After decades, the dream of scientists (and of a few mad scientists) has come true: U.S. researchers have announced the successful creation of artificial life. Led by Dr. Craig Venter, a visionary and billionaire, the research team succeeded in creating "life from scratch." He calls the new life "Synthia."
In the science of biology, the ramifications of creating artificial life are as potentially world-shaking as the invention of warp drive to astrophysicists or the discovery of a living dinosaur to paleontologists.
The implications of synthetic life forms are astounding. The reality of it will eventually impact law, the definition of what is and is not considered valid life, raise thorny ethical issues and probably create a heated debate over whether more advanced life forms can be patented or not.
For now, the first synthetically created organism is more of a novelty than a benefit or danger. Yet in the decades ahead that will surely change.
The future applications of synthetic life are diverse. Some potential applications are ominous.
'Designer life' will have an impact on many human endeavors, several obvious ones are chemistry, materials science, pharmaceuticals, engineering, deep-sea exploration, water processing, energy production, agriculture and animal husbandry. Military applications also exist.
The announcement of the first successful attempt at creating synthetic life has been published in the journal Science. The article explains how a research team—led by Dr Craig Venter of the J. Craig Venter Institute in Maryland and California—created synthetic DNA and placed it into a host cell. The artificial DNA acted as a genetic software program dictating instructions that the newly created bacterium followed.
A 'synthesis machine'
Specifically, the team copied an existing genome harvested from a bacterium. Using a "synthesis machine" they synthetically replicated its genetic code and then placed the synthetic code into a cell without DNA. Thus, the team succeeded in creating an entirely new organism.
During an interview with BBC News, Venter stated: "We've now been able to take our synthetic chromosome and transplant it into a recipient cell - a different organism. As soon as this new software goes into the cell, the cell reads [the code] and [then] converts into the species specified in that genetic code."
After creating the synthetic cell, the new bacteria began to reproduce itself over one billion times. All the copies were governed by the dictates of the synthesized DNA.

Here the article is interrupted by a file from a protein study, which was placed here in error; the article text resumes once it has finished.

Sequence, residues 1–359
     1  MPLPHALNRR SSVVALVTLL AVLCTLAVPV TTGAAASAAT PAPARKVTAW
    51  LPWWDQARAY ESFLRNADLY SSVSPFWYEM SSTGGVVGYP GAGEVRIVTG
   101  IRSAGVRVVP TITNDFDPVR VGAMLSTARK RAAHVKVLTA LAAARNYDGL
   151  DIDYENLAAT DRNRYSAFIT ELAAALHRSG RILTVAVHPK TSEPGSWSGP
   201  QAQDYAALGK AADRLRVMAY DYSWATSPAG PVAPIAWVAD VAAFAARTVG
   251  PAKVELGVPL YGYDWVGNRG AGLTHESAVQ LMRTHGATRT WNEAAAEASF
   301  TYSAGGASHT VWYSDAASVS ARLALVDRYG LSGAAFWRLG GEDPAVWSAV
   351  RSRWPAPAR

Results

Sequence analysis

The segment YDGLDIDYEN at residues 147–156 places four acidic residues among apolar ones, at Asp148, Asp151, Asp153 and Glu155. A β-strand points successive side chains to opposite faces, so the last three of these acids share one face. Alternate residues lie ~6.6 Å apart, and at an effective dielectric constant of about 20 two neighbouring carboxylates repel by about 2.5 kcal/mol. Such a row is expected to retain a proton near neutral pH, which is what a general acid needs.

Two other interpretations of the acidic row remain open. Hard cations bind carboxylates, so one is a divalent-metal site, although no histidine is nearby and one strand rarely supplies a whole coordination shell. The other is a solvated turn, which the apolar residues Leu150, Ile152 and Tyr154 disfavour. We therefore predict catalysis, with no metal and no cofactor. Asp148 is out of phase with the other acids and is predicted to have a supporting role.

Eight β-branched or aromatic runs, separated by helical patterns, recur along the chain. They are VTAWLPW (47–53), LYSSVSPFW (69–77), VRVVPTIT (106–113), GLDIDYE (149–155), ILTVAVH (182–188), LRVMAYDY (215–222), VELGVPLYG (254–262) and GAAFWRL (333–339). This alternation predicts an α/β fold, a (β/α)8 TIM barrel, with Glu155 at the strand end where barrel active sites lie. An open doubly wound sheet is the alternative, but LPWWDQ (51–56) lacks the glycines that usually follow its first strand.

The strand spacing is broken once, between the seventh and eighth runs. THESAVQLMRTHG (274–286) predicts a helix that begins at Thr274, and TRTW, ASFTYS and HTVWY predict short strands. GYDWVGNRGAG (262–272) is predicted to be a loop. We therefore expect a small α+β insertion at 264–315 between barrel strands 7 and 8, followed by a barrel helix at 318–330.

"This is the first time any synthetic DNA has been in complete control of a cell," said Venter.
The scientist is effusive over all the potential benefits synthetic life promises. He and his team have already begun work with the pharmaceutical and fuel industry to create conceptual designs for synthetic bacteria that have applications for new fuels and vaccines.
"I think they're going to potentially create a new industrial revolution," Venter predicted. "This is the first time any synthetic DNA has been in complete control of a cell."
He isn't God
Critics of synthetic life worry about mishaps or intentionial weapons applications. Ethicists accuse Venter of " ... open[ing] the most profound door in humanity's history." They believe unparalled risks are behind that door.
Dr. Helen Wallace, a spokesperson for Genewatch, UK—an organization that monitors emerging biotech advancements and their applications—stated flatly that artificial life could be dangerous. She warned, "If you release new organisms into the environment, you can do more harm than good ... We don't know how these organisms will behave in the environment."
Wallace added, "He [Venter] isn't God."
At the Oxford Uehiro Centre for Practical Ethics at the University of Oxford, Professor Julian Savulescu also cautioned that " ... the risks are also unparalleled. We need new standards of safety evaluation for this kind of radical research and protections from military or terrorist misuse and abuse. "
But as with any other new technology, it's virtually impossible to get the genie back into the bottle. No doubt the ethical debate arising about the reality of artifical life will continue to escalate for some time.
Savulescu is worried though. "These could be used in the future to make the most powerful bioweapons imaginable," he said with a frown.